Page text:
A top court in Bangladesh has ordered the country’s government to scrap the practice of making women declare the status of their virginity during the issuance of marriage certificates.
Before now, the South Asian country’s marriage laws for all Muslim mandate spinsters to check a box that seeks to discern between women who are virgins, widows, or were previously married but later got divorced.
The country’s top court, in a landmark verdict delivered on Sunday, ruled that the word “Kumari” (virgin) be swapped with “unmarried” while two other options on the form — “widow” and “divorced” — are to remain unchanged.
Amid claims by campaigners who described the long-standing practice as humiliating and discriminatory, the court ruled that grooms would also now have to disclose if they are unmarried, divorced, or a widower.
Aynun Siddiqua, a lawyer involved in the case, said it dated back to 2014 when a written petition was filed requesting a change to the fields in the form as specified under the 1974 Bangladesh Muslim Marriage and Divorce Act.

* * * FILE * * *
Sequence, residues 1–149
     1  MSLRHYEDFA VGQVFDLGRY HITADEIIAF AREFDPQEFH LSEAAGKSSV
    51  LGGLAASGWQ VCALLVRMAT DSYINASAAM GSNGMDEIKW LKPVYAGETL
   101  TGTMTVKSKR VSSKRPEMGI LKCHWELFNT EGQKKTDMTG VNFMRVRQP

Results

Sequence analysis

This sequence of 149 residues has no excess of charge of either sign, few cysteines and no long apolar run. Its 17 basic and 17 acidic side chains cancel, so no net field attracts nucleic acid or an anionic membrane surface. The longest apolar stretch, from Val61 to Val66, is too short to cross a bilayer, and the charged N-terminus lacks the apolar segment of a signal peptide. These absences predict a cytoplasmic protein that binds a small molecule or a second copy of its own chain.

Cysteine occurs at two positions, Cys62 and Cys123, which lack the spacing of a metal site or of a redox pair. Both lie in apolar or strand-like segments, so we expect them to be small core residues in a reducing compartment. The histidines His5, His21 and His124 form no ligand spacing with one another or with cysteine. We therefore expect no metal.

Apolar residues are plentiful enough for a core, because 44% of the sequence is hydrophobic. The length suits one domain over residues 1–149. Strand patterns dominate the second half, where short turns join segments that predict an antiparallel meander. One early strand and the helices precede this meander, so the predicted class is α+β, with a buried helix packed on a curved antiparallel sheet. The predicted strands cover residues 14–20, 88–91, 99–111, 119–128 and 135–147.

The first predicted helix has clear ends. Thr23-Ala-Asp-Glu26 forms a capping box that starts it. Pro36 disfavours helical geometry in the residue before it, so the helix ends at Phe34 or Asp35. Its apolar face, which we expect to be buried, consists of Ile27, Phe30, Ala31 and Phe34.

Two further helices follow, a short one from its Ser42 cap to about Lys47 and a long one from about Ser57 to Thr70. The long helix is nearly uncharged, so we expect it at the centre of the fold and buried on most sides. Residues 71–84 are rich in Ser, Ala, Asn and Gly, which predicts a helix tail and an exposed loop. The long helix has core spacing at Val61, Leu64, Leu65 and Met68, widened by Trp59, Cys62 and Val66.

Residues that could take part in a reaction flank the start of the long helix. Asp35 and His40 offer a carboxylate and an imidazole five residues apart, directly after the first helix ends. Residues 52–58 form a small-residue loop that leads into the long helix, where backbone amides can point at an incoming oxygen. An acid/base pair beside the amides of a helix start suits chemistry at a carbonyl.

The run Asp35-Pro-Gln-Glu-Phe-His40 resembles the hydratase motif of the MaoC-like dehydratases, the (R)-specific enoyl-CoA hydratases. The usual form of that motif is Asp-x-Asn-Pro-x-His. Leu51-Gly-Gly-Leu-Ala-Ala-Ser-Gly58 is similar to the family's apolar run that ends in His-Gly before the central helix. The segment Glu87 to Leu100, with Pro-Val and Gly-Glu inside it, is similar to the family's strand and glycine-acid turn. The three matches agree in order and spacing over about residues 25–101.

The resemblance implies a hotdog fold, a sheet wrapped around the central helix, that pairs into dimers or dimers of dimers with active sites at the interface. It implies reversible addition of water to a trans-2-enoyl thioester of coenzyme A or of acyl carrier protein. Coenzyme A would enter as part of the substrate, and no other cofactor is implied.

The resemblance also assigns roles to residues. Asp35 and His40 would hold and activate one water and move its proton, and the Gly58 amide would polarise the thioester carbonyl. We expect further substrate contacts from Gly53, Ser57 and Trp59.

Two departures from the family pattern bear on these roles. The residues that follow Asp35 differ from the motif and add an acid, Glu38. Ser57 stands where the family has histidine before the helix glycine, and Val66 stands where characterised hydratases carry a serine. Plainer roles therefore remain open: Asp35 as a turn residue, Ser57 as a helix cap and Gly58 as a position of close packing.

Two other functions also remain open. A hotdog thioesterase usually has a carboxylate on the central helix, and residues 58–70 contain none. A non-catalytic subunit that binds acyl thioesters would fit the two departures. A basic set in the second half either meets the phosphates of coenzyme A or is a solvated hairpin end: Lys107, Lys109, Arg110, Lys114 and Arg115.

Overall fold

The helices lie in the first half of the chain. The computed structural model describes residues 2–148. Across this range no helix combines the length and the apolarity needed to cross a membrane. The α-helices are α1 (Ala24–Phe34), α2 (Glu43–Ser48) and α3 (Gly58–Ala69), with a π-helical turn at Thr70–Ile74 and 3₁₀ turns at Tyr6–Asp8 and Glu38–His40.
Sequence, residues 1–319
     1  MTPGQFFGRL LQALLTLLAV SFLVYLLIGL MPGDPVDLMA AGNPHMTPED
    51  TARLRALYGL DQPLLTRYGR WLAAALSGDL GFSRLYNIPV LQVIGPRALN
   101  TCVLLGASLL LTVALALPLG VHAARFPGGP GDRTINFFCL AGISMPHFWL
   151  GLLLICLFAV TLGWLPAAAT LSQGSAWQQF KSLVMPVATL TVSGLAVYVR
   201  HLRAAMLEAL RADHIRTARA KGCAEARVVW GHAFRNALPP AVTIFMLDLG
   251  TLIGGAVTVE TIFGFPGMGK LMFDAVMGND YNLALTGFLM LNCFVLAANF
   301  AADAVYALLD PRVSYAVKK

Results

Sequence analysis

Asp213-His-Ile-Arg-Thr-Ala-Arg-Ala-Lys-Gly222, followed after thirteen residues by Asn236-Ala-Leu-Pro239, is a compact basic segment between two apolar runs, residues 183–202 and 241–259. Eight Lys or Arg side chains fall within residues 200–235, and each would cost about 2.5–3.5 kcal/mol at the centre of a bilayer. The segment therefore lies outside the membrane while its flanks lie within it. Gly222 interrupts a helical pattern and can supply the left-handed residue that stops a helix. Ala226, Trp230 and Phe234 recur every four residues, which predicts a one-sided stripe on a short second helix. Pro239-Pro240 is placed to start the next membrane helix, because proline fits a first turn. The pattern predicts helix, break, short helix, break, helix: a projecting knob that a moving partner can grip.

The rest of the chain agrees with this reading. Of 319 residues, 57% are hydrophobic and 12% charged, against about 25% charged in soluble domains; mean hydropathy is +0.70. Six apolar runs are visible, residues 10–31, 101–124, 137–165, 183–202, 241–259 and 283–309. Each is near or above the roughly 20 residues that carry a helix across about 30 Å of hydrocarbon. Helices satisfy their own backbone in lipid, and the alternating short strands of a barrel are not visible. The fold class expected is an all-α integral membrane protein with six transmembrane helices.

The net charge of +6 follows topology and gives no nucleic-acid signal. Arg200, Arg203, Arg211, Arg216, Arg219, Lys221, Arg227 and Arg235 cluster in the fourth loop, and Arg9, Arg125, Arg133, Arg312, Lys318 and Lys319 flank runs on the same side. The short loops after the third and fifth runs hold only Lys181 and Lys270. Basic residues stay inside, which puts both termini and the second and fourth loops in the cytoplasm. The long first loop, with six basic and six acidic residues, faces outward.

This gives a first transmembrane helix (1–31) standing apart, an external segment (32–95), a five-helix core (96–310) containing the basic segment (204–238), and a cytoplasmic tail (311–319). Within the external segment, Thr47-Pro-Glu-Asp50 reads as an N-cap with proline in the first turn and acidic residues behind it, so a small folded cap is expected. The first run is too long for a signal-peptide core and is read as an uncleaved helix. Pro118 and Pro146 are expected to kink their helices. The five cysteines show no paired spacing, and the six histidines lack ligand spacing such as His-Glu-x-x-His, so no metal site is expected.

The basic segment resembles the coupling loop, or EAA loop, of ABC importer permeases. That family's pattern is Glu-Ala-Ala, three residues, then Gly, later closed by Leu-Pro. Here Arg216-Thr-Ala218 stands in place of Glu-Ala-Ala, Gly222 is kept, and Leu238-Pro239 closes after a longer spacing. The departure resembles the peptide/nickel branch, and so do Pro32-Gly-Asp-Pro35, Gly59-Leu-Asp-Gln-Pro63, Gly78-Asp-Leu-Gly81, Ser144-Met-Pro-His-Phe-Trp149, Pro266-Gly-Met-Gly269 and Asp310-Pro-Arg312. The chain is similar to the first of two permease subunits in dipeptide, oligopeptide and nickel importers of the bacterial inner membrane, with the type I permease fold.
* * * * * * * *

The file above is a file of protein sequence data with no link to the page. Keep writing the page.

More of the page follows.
“It is a landmark verdict. It’s a ruling that gives us the belief that we can fight and create more changes for women in the future,” she said.
The verdict, which borders mostly on virginity status disclosure, is coming after a long-drawn legal battle by human rights groups and campaigners advocating for the “protection of women from potential humiliation”.